Characterizing Information Processing With a Mobile Device: Measurement of Simple and Choice Reaction Time

Daniel Burke, Susan Linder, Joshua Hirsch, Tanujit Dey, Daniel Kana, Shannon Ringenbach, David Schindler, Jay Alberts

Research output: Contribution to journalArticlepeer-review

20 Scopus citations


Information processing is typically evaluated using simple reaction time (SRT) and choice reaction time (CRT) paradigms in which a specific response is initiated following a given stimulus. The measurement of reaction time (RT) has evolved from monitoring the timing of mechanical switches to computerized paradigms. The proliferation of mobile devices with touch screens makes them a natural next technological approach to assess information processing. The aims of this study were to determine the validity and reliability of using of a mobile device (Apple iPad or iTouch) to accurately measure RT. Sixty healthy young adults completed SRT and CRT tasks using a traditional test platform and mobile platforms on two occasions. The SRT was similar across test modality: 300, 287, and 280 milliseconds (ms) for the traditional, iPad, and iTouch, respectively. The CRT was similar within mobile devices, though slightly faster on the traditional: 359, 408, and 384 ms for traditional, iPad, and iTouch, respectively. Intraclass correlation coefficients ranged from 0.79 to 0.85 for SRT and from 0.75 to 0.83 for CRT. The similarity and reliability of SRT across platforms and consistency of SRT and CRT across test conditions indicate that mobile devices provide the next generation of assessment platforms for information processing.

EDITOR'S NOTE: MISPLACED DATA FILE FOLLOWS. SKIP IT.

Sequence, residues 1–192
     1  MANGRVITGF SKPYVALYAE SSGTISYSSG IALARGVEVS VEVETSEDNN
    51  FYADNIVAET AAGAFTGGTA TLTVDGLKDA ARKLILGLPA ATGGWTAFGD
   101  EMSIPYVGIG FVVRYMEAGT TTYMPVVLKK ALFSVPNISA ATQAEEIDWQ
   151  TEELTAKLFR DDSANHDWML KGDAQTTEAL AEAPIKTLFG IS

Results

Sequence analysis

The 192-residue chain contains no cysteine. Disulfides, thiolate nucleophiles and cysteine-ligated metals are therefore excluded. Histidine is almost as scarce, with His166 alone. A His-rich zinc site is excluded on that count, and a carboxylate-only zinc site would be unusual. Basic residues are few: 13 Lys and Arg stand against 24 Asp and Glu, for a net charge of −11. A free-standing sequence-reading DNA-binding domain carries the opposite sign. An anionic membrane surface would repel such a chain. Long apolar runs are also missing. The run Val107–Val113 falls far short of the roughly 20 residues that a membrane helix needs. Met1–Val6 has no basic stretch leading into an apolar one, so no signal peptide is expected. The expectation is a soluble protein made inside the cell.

Original languageEnglish (US)
Pages (from-to)885-895
Number of pages11
Issue number7
StatePublished - Oct 1 2017


  • cognitive assessment
  • information processing
  • mobile technology
  • reaction time

ASJC Scopus subject areas

  • Clinical Psychology
  • Applied Psychology


Dive into the research topics of 'Characterizing Information Processing With a Mobile Device: Measurement of Simple and Choice Reaction Time'. Together they form a unique fingerprint.

Cite this